This book provides an extensive introduction to probability and random processes. It is intended for those working in the many and varied applications of the subject as well as for those studying more theoretical aspects. We hope it will be found suitable for mathematics undergraduates at all levels, as well as for graduate students and others with interests in these fields.

In particular, we aim:

- to give a rigorous introduction to probability theory while limiting the amount of measure theory in the early chapters;
- to discuss the most important random processes in some depth, with many examples;
- to include various topics which are suitable for undergraduate courses, but are not routinely taught;
- to impart to the beginner the flavour of more advanced work, thereby whetting the appetite for more.

The ordering and numbering of material in
this third edition has for the most part been preserved from the second.
However, a
good many minor alterations and additions have been made in the pursuit of
clearer exposition. Furthermore, we have included new sections on
sampling and Markov chain Monte Carlo,
coupling and its applications, geometrical probability,
spatial Poisson processes,
stochastic calculus and the It\^o integral,
It\^o's formula and applications, including the Black--Scholes
formula,
networks of queues, and
renewal--reward theorems and applications.
In a mild manifestation of millennial mania, the number
of exercises and problems has been increased to exceed 1000. These are
not merely drill exercises, but complement and illustrate the text, or are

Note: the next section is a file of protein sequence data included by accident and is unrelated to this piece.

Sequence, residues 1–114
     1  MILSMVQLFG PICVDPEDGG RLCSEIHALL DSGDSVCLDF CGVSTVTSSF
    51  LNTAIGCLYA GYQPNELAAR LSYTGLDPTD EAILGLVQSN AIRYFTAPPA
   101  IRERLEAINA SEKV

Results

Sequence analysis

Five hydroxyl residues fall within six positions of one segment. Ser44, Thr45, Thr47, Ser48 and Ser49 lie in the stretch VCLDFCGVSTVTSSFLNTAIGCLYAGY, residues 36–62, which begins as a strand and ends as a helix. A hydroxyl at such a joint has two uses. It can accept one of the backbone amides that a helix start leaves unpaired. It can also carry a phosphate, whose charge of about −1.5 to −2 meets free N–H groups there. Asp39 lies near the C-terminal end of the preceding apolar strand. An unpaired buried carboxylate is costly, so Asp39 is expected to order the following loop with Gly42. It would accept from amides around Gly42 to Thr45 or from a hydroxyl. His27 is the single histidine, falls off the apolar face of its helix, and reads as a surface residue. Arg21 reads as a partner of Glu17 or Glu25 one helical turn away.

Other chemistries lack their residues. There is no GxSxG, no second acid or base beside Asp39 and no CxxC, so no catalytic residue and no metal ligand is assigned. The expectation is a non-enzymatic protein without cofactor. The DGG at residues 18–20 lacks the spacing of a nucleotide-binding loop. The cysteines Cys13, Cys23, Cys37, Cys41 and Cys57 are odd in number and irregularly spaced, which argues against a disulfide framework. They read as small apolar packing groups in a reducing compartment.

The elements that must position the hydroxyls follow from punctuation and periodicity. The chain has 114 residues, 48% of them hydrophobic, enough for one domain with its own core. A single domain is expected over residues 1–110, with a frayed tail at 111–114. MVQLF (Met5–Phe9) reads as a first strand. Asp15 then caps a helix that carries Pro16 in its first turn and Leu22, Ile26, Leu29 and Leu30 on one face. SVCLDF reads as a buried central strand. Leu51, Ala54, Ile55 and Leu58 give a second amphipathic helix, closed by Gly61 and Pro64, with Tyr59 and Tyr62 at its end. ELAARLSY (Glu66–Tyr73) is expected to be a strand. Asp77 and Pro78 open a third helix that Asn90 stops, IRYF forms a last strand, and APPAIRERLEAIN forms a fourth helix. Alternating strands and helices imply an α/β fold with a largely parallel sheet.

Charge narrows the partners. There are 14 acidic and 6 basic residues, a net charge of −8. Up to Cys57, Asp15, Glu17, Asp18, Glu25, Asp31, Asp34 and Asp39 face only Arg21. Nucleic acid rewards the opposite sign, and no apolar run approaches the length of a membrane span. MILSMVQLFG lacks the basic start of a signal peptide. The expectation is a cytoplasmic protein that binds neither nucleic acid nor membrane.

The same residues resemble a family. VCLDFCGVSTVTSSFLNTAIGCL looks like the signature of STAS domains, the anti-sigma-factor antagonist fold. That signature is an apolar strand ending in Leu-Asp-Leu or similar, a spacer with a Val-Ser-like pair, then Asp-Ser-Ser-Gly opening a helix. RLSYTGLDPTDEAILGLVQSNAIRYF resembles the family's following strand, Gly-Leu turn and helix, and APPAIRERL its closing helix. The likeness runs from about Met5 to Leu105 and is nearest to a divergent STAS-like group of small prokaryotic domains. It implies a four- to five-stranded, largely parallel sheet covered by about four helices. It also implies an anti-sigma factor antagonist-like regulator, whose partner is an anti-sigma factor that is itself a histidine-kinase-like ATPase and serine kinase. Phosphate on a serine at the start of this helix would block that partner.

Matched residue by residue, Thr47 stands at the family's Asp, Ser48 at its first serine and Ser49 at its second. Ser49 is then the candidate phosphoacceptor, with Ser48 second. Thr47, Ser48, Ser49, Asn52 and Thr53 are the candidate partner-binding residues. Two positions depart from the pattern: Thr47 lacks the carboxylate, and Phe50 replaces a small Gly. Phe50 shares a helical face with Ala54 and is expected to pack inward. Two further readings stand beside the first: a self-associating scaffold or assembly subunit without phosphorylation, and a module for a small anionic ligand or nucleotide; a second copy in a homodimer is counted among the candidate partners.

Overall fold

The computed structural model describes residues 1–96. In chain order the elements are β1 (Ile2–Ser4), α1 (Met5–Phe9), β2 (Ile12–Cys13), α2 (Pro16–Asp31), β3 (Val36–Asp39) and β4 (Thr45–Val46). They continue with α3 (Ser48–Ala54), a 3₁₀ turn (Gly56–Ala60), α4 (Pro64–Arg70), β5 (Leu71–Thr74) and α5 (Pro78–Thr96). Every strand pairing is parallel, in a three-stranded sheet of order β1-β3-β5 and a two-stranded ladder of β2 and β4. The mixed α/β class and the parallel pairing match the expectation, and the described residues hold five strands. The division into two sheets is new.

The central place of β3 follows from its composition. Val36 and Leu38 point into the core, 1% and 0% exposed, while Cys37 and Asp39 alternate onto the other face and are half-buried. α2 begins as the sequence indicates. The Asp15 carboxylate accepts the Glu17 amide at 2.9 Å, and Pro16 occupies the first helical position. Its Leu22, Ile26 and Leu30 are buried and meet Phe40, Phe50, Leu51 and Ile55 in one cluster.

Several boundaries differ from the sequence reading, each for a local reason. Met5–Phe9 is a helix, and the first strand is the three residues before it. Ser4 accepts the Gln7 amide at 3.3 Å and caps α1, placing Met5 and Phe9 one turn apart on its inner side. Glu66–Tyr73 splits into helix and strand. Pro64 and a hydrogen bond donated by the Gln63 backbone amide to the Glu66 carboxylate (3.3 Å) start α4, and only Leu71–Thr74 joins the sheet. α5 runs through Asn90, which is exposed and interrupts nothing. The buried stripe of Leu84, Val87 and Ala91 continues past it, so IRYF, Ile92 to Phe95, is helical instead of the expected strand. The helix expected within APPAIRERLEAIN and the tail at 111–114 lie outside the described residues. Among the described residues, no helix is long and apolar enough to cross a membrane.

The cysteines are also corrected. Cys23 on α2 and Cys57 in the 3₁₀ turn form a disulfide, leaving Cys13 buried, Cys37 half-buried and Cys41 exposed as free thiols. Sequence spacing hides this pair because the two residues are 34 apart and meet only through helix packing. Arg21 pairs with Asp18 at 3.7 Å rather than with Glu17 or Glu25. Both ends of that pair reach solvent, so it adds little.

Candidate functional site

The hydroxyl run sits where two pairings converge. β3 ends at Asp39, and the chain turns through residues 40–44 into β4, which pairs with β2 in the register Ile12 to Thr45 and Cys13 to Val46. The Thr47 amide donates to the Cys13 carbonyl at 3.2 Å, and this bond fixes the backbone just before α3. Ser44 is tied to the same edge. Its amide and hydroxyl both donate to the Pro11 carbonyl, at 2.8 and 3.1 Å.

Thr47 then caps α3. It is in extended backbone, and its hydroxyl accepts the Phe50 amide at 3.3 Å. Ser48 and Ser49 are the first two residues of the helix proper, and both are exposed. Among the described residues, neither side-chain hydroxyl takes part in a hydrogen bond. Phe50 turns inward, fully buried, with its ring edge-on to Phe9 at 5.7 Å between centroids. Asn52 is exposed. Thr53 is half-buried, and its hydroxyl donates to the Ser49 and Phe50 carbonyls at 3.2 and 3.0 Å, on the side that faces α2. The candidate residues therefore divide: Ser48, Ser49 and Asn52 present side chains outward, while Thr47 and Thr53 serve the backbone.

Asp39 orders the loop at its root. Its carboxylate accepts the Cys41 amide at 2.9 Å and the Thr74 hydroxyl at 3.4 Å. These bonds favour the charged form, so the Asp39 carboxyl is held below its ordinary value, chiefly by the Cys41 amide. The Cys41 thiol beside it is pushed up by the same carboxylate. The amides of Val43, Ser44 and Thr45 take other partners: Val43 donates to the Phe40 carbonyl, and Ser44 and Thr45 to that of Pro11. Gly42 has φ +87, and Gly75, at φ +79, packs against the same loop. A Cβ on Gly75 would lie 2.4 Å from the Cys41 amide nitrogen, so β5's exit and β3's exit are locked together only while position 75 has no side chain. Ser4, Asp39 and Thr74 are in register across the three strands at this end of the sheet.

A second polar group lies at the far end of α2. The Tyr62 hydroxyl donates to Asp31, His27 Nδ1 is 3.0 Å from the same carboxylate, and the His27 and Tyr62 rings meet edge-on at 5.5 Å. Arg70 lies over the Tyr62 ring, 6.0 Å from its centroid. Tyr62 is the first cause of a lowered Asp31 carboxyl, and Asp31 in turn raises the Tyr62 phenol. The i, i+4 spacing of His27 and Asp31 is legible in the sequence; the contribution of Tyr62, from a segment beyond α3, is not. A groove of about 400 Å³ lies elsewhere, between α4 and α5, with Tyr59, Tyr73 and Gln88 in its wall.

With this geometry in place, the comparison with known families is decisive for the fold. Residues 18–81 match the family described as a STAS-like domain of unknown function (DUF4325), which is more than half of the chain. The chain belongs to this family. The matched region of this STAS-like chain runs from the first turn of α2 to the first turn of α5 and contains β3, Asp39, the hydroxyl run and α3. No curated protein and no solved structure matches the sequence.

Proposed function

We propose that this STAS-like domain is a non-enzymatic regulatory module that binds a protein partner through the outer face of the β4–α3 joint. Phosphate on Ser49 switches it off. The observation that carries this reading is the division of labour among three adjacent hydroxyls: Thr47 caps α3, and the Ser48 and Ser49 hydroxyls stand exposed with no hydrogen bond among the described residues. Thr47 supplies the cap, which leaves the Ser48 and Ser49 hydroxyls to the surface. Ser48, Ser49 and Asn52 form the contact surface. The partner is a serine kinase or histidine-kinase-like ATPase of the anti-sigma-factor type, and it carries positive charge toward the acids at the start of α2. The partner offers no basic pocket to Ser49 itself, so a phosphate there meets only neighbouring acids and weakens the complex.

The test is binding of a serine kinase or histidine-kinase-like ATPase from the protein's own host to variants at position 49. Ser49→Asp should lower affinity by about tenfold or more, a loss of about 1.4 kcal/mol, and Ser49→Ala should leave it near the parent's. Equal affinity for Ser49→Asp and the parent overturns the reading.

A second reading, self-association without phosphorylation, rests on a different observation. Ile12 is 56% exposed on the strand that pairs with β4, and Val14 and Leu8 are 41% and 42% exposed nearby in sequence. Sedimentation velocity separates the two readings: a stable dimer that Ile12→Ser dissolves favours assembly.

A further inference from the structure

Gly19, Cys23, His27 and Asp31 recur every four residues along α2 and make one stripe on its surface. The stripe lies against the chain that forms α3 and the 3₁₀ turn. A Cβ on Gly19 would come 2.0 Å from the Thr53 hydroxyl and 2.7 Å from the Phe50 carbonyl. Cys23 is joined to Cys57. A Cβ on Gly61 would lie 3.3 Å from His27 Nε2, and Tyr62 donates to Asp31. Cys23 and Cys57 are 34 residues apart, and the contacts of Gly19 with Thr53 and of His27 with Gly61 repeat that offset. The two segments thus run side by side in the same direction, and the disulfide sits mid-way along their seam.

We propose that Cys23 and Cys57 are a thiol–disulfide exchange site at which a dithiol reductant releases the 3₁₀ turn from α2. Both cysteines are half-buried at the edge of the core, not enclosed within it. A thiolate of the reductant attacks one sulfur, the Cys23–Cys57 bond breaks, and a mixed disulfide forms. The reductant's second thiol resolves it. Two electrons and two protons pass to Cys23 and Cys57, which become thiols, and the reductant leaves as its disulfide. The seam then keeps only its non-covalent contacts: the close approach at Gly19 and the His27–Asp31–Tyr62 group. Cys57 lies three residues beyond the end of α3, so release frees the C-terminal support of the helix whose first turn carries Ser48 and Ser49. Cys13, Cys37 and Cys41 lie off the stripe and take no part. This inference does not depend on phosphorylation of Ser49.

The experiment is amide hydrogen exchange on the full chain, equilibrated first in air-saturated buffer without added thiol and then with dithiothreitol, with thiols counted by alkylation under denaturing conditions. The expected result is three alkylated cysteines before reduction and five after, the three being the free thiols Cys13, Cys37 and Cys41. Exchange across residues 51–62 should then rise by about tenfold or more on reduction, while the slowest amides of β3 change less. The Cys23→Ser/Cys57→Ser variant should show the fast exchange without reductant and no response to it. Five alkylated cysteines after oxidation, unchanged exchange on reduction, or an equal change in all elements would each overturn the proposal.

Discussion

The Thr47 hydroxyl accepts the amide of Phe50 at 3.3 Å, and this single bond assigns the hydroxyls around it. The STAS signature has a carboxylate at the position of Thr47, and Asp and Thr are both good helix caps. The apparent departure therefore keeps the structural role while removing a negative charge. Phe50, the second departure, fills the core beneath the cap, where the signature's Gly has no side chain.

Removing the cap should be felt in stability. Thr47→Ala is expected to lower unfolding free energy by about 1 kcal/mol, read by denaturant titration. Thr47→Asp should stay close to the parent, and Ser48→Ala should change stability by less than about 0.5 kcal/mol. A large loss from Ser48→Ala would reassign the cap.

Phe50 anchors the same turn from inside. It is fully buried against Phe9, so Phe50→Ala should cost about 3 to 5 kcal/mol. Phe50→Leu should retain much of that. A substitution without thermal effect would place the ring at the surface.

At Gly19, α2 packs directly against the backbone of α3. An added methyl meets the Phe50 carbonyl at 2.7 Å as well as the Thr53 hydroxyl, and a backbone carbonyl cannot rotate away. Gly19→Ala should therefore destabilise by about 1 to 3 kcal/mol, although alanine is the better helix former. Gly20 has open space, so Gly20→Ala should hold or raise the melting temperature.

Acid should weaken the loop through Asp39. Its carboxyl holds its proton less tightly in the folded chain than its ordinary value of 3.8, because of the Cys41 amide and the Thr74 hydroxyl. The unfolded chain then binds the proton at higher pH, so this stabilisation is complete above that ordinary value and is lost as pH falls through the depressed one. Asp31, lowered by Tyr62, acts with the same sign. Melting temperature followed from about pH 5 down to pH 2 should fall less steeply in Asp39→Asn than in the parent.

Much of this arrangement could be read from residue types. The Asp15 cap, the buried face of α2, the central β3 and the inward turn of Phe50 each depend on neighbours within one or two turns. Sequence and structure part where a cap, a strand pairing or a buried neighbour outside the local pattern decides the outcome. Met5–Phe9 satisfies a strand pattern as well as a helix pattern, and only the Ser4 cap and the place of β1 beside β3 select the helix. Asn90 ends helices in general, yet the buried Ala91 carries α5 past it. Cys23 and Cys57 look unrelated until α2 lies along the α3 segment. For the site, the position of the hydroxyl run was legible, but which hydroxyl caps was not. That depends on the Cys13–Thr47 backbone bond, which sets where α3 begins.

entertaining, or (usually, we hope) both. In a companion volume * One
Thousand Exercises in Probability,* (Oxford University Press, 2001),
we give worked solutions to almost all exercises and
problems.

The basic layout of the book remains unchanged. Chapters 1--5 begin with the foundations of probability theory, move through the elementary properties of random variables, and finish with the weak law of large numbers and the central limit theorem; on route, the reader meets random walks, branching processes, and characteristic functions. This material is suitable for about two lecture courses at a moderately elementary level. The rest of the book is largely concerned with random processes. Chapter 6 deals with Markov chains, treating discrete-time chains in some detail (and including an easy proof of the ergodic theorem for chains with countably infinite state spaces) and treating continuous-time chains largely by example. Chapter 7 contains a general discussion of convergence, together with simple but rigorous accounts of the strong law of large numbers, and martingale convergence. Each of these two chapters could be used as a basis for a lecture course. Chapters 8--13 are more fragmented and provide suitable material for about five shorter lecture courses on: stationary processes and ergodic theory; renewal processes; queues; martingales; diffusions and stochastic integration with applications to finance.

We thank those who have read and commented upon sections of this and earlier editions, and we make special mention of Dominic Welsh, Brian Davies, Tim Brown, Sean Collins, Stephen Suen, Geoff Eagleson, Harry Reuter, David Green, and Bernard Silverman for their contributions to the first edition.

Of great value in the preparation of the second and third editions were the detailed criticisms of Michel Dekking, Frank den Hollander, Torgny Lindvall, and the suggestions of Alan Bain, Erwin Bolthausen, Peter Clifford, Frank Kelly, Doug Kennedy, Colin McDiarmid, and Volker Priebe. Richard Buxton has helped us with classical matters, and Andy Burbanks with the design of the front cover, which depicts a favourite confluence of the authors.

This edition having been reset in its entirety, we would welcome help in thinning the errors should any remain after the excellent \TeX-ing of Sarah Shea-Simonds and Julia Blackwell.

January 2001